Daily UV Forecasts now available on Met.ie

The daily Solar UV Index level is now available within the Regional Forecasts on the Met Éireann website and app. The UV Index maps and advice across the island of Ireland can be found here, while the UV Index for Europe is available at: DWD UV Index.

The UV Index

UV Index legend

HSE – NCCP SunSmart UV Index Advice

The UV index measures the strength of the sun’s UV rays so that we know how and when to protect against them. The higher the UV index level, the higher the risk of skin and eye damage.

The UV index varies depending on where you are in the world, the time of year, the time of day, cloud cover, altitude and surrounding surfaces. The UV is not always strongest when it is hottest.


What is UV radiation and how does it affect us?

Ultraviolet (UV) radiation is a type of energy produced by the sun and other artificial sources (eg – sunbeds) that can cause both temporary and lasting effects to our bodies, including tanning, sunburn, premature ageing, eye damage and, most notably, skin cancer.

As we move through spring and into summer, the potential impact of the UV rays continues to grow as the sun’s position gets higher in the sky. The peak height of the sun and strength of the UV rays coincide with the summer solstice in June, after which they start to decrease respectively, meaning they are as strong in May as in July, as strong in April as in August, and so on. This is a key point worth remembering – as while temperatures in May could be considerably lower than in July, the strength of the sun and the UV rays are the same, and so there is the same chance of being burnt when exposed to the sun.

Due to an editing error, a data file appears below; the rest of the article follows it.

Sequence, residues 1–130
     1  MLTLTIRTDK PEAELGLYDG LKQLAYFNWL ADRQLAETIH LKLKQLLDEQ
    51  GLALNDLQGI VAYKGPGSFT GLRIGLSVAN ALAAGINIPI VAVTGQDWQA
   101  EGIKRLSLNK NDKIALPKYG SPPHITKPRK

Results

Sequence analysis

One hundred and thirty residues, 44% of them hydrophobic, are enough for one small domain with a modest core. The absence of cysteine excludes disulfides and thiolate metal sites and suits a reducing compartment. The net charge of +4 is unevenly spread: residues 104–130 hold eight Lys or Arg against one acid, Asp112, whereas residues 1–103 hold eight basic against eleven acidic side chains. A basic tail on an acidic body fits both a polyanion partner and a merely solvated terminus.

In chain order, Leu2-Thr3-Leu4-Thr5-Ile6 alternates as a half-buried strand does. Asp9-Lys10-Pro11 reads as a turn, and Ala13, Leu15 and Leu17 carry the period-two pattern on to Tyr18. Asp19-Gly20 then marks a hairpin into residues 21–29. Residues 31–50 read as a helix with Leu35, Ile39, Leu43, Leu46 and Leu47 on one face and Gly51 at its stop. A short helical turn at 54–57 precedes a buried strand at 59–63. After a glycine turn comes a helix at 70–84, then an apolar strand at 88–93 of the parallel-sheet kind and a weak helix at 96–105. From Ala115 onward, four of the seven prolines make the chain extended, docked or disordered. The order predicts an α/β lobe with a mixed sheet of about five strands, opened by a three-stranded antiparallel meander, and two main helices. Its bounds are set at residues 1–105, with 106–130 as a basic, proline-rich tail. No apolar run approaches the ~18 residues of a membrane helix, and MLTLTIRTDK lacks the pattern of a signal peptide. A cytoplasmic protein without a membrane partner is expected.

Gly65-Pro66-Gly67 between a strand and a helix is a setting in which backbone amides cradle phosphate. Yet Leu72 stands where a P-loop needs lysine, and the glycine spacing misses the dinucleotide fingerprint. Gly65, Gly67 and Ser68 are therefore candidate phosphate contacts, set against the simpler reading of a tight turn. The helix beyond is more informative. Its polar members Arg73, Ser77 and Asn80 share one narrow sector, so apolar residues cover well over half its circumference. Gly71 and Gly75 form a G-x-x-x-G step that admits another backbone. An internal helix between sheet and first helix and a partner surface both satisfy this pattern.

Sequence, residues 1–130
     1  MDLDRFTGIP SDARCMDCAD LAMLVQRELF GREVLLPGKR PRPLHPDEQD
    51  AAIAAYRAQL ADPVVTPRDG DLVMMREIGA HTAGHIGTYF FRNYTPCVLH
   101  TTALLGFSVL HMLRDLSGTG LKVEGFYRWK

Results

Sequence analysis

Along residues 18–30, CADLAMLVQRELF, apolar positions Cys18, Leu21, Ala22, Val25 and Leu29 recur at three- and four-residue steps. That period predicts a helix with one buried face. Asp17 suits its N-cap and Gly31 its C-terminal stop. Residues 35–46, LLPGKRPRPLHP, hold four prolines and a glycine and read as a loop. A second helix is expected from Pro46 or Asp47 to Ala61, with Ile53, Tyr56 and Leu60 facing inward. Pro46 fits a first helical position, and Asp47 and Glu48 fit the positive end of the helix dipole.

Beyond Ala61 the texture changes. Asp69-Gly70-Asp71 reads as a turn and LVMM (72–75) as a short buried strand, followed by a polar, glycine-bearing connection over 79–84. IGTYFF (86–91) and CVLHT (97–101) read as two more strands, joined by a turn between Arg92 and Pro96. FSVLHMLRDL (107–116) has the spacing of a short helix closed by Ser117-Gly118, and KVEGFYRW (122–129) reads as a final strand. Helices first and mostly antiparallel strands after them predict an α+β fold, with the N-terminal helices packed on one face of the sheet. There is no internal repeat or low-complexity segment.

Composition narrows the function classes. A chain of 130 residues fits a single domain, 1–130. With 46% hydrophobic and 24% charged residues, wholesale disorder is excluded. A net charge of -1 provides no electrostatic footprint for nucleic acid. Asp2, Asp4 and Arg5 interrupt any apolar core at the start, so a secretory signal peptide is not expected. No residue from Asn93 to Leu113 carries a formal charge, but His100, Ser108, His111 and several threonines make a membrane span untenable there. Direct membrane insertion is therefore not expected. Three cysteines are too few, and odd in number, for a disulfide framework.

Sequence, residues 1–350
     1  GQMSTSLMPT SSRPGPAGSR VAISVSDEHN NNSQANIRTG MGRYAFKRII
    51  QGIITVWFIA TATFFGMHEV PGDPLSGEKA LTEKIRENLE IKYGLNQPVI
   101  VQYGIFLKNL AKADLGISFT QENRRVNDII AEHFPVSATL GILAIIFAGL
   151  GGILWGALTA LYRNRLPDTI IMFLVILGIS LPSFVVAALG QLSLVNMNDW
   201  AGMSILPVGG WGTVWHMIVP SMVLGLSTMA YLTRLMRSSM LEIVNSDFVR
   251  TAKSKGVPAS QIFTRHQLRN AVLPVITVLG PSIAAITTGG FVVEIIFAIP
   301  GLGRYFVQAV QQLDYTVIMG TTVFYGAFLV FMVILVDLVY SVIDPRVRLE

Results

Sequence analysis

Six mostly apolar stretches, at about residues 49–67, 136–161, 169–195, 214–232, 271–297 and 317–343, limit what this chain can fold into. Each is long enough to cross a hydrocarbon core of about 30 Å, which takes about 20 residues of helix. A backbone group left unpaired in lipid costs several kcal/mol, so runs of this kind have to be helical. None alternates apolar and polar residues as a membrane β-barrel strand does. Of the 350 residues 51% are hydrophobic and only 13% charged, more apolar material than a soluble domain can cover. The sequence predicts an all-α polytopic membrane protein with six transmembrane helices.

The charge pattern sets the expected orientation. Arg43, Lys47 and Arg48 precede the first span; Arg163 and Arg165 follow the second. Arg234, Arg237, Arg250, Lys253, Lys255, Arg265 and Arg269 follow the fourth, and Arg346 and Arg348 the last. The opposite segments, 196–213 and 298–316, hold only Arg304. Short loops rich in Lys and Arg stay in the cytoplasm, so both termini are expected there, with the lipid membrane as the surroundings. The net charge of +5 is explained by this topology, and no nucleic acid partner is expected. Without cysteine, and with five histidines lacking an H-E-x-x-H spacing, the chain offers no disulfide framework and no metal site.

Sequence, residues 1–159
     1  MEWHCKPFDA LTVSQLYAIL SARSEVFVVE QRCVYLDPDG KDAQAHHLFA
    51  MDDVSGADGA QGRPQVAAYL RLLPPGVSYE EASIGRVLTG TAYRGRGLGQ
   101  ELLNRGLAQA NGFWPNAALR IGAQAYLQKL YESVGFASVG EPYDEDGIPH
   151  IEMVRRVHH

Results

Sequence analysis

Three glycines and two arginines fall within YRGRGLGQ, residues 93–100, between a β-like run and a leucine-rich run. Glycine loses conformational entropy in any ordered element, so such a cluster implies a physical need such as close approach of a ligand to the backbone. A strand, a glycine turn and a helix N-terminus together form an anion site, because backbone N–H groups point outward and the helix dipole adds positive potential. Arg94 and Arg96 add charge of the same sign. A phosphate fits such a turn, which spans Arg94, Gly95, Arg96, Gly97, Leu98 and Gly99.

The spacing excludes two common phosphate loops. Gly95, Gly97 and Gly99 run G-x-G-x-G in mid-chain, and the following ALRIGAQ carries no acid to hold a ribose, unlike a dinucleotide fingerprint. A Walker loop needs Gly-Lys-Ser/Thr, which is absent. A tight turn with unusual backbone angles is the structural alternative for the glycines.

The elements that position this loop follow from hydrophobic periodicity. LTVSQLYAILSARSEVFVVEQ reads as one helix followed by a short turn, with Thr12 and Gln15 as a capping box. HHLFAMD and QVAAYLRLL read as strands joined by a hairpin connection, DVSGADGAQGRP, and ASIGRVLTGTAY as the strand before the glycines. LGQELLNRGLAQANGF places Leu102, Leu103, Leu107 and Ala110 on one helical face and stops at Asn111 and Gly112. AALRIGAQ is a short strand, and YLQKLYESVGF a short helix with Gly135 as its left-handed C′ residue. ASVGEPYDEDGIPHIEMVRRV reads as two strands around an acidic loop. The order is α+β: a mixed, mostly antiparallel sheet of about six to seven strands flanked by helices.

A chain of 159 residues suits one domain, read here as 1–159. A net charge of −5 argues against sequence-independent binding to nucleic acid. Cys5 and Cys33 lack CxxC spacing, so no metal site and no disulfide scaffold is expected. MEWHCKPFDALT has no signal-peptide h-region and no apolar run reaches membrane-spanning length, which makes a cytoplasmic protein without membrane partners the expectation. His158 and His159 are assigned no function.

Also, while cloud cover does reduce the sun’s intensity to a degree, UV rays can still penetrate thin or intermitted cloud, so sun protection should always be used at moderate UV levels or above, particularly between the hours of 11:00am and 3:00pm, when UV is strongest.

UV rays can reach us directly from the sun and can also be reflected off different surfaces and scattered by particles of air. While we can see sunlight and feel the sun’s heat, we cannot see or feel the sun’s UV rays and so often we don’t notice the impacts until after they have occurred.


How to protect against UV rays

Met Éireann’s Solar UV Index is a key component of the annual SunSmart campaign, run by the HSE’s National Cancer Control Programme (NCCP), in collaboration with Healthy Ireland and cross-sectoral partners to support people to reduce their risk of skin cancer by protecting their skin from the sun.

The five points of advice of the HSE’s SunSmart campaign- graphic

The five points of advice of the HSE’s SunSmart campaign

The UV Index page has more detailed information on how to protect yourself during the spring and summer months, along with measurements from one of our Brewer Spectrophotometers, which measure ozone and compute the UV levels.